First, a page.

Meta says it's building world's largest AI supercomputer out of Nvidia, AMD chips

Facebook owner needs 16,000 GPUs, 4,000 Epyc processors – good luck, everyone else


Facebook owner Meta is building the world's largest AI supercomputer to power machine-learning research that will bring the metaverse to life in the future, it claimed on Monday.

The new super – dubbed the Research Super Computer, or RSC – will contain 16,000 Nvidia A100 GPUs and 4,000 AMD Epyc Rome 7742 processors. Each compute node is an Nvidia DGX-A100 system, containing eight GPU chips and two Epyc microprocessors, totaling 2,000 nodes.

It's expected to hit a peak performance of 5 exaFLOPS at mixed precision – FP16 and FP32 – and can feed in 16 terabytes of training information per second from up to 1EB of cache-based storage, we're told.

The RSC is being built with the help of Penguin Computing, a HPC supplier based in California, who will provide the infrastructure and managed security.

"Meta has developed what we believe is the world's fastest AI supercomputer," CEO Mark Zuckerberg said in a statement to The Register.

"We're calling it RSC for AI Research SuperCluster and it'll be complete later this year. The experiences we're building for the metaverse require enormous compute power – quintillions of operations per second – and RSC will enable new AI models that can learn from trillions of examples, understand hundreds of languages, and more."

Nvidia confirmed the massive machine is expected to be the largest customer installation of DGX A100 systems once it's fully built and up-and-running by mid-2022. "RSC took just 18 months to go from an idea on paper to a working AI supercomputer," Nvidia said.

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The RSC already exists albeit in a less flashy form, delivering 1,895 PFLOPS of TF32 performance. Right now it's made up of 760 Nvidia DGX-A100 systems containing 1,520 AMD Rome 7742 processors and 6,080 GPUs. Each GPU is connected via Nvidia's Quantum InfiniBand, which is capable of shuttling data back and forth at 200 gigabytes per second. More and more nodes will be added as the year goes on.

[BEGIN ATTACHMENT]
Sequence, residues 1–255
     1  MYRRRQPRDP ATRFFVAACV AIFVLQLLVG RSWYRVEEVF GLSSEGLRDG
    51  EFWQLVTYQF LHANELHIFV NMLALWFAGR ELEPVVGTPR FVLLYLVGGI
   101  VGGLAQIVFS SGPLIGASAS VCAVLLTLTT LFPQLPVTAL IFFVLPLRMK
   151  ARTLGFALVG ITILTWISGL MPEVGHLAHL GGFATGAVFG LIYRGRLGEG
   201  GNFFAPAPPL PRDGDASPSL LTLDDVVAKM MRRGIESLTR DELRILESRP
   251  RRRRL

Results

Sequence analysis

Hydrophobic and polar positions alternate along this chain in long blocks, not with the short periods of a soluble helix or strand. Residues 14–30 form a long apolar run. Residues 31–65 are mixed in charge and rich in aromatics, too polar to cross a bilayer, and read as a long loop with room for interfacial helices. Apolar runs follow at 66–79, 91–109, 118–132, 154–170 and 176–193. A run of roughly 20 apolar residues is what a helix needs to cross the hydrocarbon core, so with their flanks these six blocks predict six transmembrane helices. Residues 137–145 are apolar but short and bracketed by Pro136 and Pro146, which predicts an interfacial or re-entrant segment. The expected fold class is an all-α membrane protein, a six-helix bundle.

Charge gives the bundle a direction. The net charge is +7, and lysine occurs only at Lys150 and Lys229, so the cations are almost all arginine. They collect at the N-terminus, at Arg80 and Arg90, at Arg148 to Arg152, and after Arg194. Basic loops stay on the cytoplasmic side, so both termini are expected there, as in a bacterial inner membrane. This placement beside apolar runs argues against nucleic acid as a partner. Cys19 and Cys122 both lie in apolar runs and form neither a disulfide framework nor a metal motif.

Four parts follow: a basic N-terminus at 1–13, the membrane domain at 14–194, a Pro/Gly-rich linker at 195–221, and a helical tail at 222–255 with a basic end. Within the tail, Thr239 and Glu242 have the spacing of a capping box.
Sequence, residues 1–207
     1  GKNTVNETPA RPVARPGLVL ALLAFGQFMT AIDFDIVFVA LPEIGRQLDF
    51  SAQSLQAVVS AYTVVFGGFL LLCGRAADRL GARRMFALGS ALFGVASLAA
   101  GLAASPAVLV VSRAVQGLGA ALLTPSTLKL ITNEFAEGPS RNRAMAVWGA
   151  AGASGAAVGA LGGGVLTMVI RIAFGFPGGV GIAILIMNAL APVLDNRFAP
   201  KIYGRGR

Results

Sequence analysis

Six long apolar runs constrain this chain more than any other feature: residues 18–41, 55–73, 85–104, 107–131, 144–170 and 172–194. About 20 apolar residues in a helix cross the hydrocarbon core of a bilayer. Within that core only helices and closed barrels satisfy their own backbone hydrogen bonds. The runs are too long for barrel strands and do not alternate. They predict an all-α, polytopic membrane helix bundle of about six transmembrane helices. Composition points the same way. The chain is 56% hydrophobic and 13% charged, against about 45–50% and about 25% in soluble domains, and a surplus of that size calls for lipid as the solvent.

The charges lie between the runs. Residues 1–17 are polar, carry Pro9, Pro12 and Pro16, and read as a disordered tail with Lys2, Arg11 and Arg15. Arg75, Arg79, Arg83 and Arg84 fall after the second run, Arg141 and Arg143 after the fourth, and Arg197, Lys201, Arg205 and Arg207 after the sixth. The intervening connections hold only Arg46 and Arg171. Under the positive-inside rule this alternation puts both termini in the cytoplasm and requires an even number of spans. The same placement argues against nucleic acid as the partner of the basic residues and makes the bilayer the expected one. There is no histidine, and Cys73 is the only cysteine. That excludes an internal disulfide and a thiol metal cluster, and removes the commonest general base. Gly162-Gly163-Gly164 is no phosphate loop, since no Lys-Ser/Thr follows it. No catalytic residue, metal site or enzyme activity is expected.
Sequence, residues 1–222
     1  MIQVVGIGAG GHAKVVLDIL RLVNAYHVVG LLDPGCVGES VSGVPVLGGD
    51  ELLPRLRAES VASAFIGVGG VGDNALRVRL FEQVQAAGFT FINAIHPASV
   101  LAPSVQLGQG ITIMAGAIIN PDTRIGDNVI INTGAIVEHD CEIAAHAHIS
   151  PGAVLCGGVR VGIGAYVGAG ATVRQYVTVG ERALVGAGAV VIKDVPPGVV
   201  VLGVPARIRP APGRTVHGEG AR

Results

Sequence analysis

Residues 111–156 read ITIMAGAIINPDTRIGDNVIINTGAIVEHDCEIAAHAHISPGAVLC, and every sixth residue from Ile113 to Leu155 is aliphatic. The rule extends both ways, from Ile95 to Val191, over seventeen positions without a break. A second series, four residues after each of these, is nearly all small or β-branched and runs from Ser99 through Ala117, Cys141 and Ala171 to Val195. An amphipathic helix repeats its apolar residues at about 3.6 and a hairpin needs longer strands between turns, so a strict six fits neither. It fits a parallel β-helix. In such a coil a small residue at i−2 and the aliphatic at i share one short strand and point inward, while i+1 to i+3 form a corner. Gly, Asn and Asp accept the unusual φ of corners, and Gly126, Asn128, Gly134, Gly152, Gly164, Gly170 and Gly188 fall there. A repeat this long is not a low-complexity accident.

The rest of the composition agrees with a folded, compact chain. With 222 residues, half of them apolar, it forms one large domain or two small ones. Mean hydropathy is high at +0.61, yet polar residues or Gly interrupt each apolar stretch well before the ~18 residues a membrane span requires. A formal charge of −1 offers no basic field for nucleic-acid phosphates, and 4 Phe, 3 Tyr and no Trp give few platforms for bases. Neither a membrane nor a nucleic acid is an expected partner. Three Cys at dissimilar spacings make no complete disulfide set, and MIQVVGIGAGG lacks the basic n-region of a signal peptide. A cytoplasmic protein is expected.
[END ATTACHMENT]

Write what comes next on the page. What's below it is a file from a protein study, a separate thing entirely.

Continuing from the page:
The RSC can also store up to 175 petabytes in Pure Storage FlashArray hardware, 46 petabytes in a cache storage, and 10 petabytes in Pure's FlashBlade object storage equipment. It's hoped that this capacity will grow into the exabyte territory, again using Pure products. To put that into perspective, Meta said 1EB could hold 36,000 years of high-quality video.

The supercomputer is estimated to be 9X faster than Meta's previous research cluster, made up of 22,000 of Nvidia's older generation V100 GPUs, and 20X faster than its current systems that run AI models in production. That older research cluster could run up to 35,000 training jobs a day, we're told.

"The benefit of this new design is that we are able to scale to many GPUs without performance drops," a Meta spokesperson told The Register. "We expect to have a smaller number of training jobs running than our previous AI research infrastructure but each job would train larger models to fully utilize the design."

Meta is focused on building self-supervised learning and transformer-based models. These complex architectures are easy to scale up. They can handle multiple types of data, such as audio, text, and images, within a single model. The RSC has been planned specifically for training models with more than a trillion parameters.

"We hope RSC will help us build entirely new AI systems that can, for example, power real-time voice translations to large groups of people, each speaking a different language, so they can seamlessly collaborate on a research project or play an AR game together," Meta technical program manager Kevin Lee and software engineer Shubho Sengupta explained in a blog post.

"Ultimately, the work done with RSC will pave the way toward building technologies for the next major computing platform — the metaverse, where AI-driven applications and products will play an important role." ®


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